Why Join the Café?

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Separated by oceans and different languages, photographers are linked by a little black box - the camera. We are drawn to images of a ephemeral life that pauses for a mere mega-second to imprint on film.

We are generally a lonely bunch - waiting for the glow of evening light, looking for a curious slant of a doorstop, or finding a street of strangers.  We look for other photographers in the lonely halls of Flickr, Instagram, 500 px, photo forums, and our photoblogs.

Although, we may use our phones from time to time to take photographs, we are more often dedicated to using our film and digital cameras.

Please come and join me at the PHOTOGRAPHERS CAFÉ.

Let's become friends.  I'd like to get to know you.  I want to learn from you.  

Write to me in your first language.  Use the Google translate box on each page.  I know!  It doesn't always do a very good job.  But, Google Translate is free.  Try it.

My first language is English.  I also can speak and write at an intermediate level Japanese.  Perhaps you can write a little English.  Try it out.  It does not need to be perfect.  Just go for it!  Let's do the best we can.


Tullio Garbari-The Intellectuals at the Cafe Rotonde

The art cafÉ

Ernest Hemingway, the 20th century American author was one of those artists who wrote his first books in a café in Paris.  A Moveable Feast is an authentic depiction of Hemingway's early years of writing in cafés while living in Paris.  He became part of the Café and Salon culture.  You can read A Moveable Feast on Kindle or get a hard copy at Amazon.com (USA), Amazon.jp (Japan), or Amazon.cn (People's Republic of China).

WhAt is the Photographers Café?

After many years of showing my photos on social media and occasionally exhibiting my photos, I have found a much more rewarding way to share my photography -- The Photographers Café.   

A café is a gathering of artists where we show and discuss art. It is an 'incubator' for new ideas.  The Photographers Café is where we photographers come together, become friends, encourage each other.  And learn. The Café is a place where we feel valued.   

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CHINESE SCHOLARS.  

Gathering artists to share ideas and innovate is an ancient Chinese concept. Chinese scholars were Renaissance men 2000 years before the word was invented.   Musicians, writers, and thinkers, the scholars monopolized the art of painting and calligraphy.   They gathered over tea and shared techniques, new tools, and ideas.

 

"Gazing upon the  clouds of autumn, my spirit takes wings and soars.  Facing the breeze of spring, my thoughts flow.  Even the treasures of priceless jade cannot match the pleasure of this." Wang Wei (415-443 CE). Introduction to Painting. 

CAFÉS OF PARIS.  The cafés in Paris where places where great artists and writers met in the 1920s and 30s.  Over cups of café noisette, Ernest Hemingway sat in Le Select Café writing, smoking, and meeting other writers and artists. Hemingway escaped the claustrophobic confines of his small apartment and took up residence in Parisian cafés where he wrote The Sun Also Rises.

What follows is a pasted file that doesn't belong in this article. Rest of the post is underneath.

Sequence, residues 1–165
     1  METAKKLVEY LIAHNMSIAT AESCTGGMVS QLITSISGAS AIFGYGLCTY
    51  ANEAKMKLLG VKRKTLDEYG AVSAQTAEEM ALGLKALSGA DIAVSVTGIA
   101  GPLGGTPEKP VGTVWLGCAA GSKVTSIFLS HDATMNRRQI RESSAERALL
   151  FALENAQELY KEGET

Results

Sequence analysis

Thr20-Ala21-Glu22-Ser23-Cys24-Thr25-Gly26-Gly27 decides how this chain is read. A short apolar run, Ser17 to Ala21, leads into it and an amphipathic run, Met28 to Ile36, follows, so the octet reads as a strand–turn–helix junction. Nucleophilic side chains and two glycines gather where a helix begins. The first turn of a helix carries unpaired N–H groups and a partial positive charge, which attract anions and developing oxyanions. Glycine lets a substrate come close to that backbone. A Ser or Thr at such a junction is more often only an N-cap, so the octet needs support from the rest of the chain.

In the cafés and salons of Paris artists were able to break away from the stultifying art world in Europe.

SALONS OF PARIS. (Not the kind where you get your hair done!)  At a weekly Paris salon in the home of Gertrude Stein, artists came to meet Henri Matisse, Pablo Picasso, Ernest Hemingway, and F. Scott Fitzgerald.  It was an honor to be invited to the Stein's in the 1920s.

Dressed in dark corduroy and seated in her overstuffed chair, Stein deigned to look at the paintings of Henri Cartier-Bresson.  She advised him to give up painting, "Go back and work for your industrialist father."  Three years later, Cartier-Bresson, stopped painting and took up photography.

F/64 GROUP OF OAKLAND, CALIFORNIA.  In the 1930s the f/64 group of photographers of California met in a friend's old barn in Oakland. The Oakland Bay Bridge wasn't built until 1933, so Ansel Adams, coming from San Francisco, had to get there by ferry boat.  The photographers showed up with photos in hand.

The f/64 photographers, especially the men, were a hard drinking, hard womanizing bunch.  They met, they philosophized, and they partied.  Ansel Adams arranged to have their work exhibited in San Francisco on November 15, 1932, at the de Young Museum.

THE ART JUNKET OF BERKELEY, CALIFORNIA.  Over an espresso and a piece of hot apple pie, my daughter, Erin, and I met in a café on Solano Avenue in North Berkeley.  We discussed the idea of reviving the salon concept for artists; a salon for artists who are beset with 21st century demands, yet need to make art.  Supported by my second daughter, Katie, the three of us recruited a few friends to come to our first salon in March 2015.

THE ART JUNKET is made up of a group of artists who make a living wage in other professions, but we need to express ourselves through art.  The first salon was held on a hillside looking over the San Francisco Bay.  We named our café, The Art Junket.  To learn more about The Art Junket in Berkeley, California, go to my Wordpress Blog on The Art Junket.

THE PHOTOGRAPHERS CAFÉ.  Join me HERE in the Café.  We will talk about photography.  Show our photos.  Meet new people.